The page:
Early ’60s Compact Craze
The 1950s began with a bang for the automotive industry, which was still riding the post-war euphoria that was fueling sales. The public would buy just about anything that the Big Three put out there at first because commercial automobile production had been suspended during the war, and people were anxious to buy new cars. The economy was good and gas was cheap, and the automotive designs reflected the times: big cars that were not very fuel efficient.
Like most good things, however, this free-wheeling era came to an end. The country fell into a recession that caused a dramatic decrease in automobile sales in 1958, and Detroit executives recognized the need to shift gears. The public was now seeking affordable, smaller, more energy efficient options, and the American automakers didn’t hesitate with their response. The Big Three automobile manufacturers all released new compact cars for the 1960 model year, and the fourth, fledgling American Motors, had already been having success with the Rambler that made its debut for the 1958 model year.
For Ford, the compact response to the public’s appetite for efficiency was the Falcon. It is interesting to note that the man behind the Falcon concept at Ford was Robert McNamara, who went on to become the United States Secretary of Defense under John F. Kennedy. Though the Falcon was considered to be a compact it had the look of a smallish mid-size, and it was powered by a 144 cubic inch, 90 horsepower straight-six. The Falcon was a smashing success, and it remained in production through the 1970 model year.
The Chrysler Corporation was definitely caught in the crosshairs of the shift toward smaller cars, since their very identity was associated with big, comfortable vehicles. Their response was the Valiant that also made its debut for the 1960 model year as a unique nameplate, but starting in 1961 the Valiant was a Plymouth. The first generation Valiant had a touch of the “Forward Look” provided courtesy of Virgil Exner, but his radical stylings were under siege by then. There was a revision during the first model year, so there are “early” and “late” 1960 Valiant models; the latter batch corrected some minor problems. The 1960 Valiant featured the slant-six engine and was offered as a four-door sedan or a four-door wagon with either two or three seats.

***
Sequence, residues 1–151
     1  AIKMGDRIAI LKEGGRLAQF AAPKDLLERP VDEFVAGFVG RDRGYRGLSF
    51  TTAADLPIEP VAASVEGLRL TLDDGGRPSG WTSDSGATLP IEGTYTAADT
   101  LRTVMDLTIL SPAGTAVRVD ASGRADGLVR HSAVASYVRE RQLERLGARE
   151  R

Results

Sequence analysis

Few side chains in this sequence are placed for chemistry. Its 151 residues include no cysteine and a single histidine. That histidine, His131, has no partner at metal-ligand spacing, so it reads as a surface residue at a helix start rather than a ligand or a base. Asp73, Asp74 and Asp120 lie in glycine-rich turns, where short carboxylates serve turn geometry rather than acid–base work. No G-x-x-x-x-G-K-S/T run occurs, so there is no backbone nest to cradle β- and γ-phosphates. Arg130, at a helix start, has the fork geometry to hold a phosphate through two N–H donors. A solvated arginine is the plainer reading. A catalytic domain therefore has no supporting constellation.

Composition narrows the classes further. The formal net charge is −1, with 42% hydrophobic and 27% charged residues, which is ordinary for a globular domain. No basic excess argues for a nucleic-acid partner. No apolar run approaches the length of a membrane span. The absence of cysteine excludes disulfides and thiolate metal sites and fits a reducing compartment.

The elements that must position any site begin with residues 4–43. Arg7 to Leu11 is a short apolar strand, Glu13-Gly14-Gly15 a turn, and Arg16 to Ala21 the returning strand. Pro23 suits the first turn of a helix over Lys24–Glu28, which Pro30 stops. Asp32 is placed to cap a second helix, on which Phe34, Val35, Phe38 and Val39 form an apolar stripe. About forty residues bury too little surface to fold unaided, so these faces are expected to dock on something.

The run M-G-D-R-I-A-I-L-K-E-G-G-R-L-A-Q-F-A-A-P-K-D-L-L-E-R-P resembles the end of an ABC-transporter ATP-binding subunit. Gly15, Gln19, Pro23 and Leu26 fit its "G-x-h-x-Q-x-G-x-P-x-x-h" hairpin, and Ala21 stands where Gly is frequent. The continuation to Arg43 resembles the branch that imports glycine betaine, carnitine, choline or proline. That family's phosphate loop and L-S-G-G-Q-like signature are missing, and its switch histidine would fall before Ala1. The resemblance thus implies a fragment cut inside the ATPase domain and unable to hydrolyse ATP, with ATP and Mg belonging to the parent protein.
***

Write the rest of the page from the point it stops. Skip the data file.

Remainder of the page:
Not to be outdone, General Motors also entered the compact car fray in 1960 with the innovative Chevy Corvair. The Corvair was a rear-engine vehicle, and that provided designers with a lot of freedom, resulting in a sleeker, low slung look, a cooler interior, and better road grabbing capabilities. In fact, the Corvair is the only rear-engine car ever to be mass produced in the United States. The 1960 Corvair featured unibody construction and an 80 horsepower, 140 cubic inch flat-six engine. The Corvair hit the ground running with sales in excess of 200,000 its first year, and overall there were more than 1.78 million Corvairs sold between 1960 and its final production year of 1969.
Contributed by Fossil Cars Staff Writer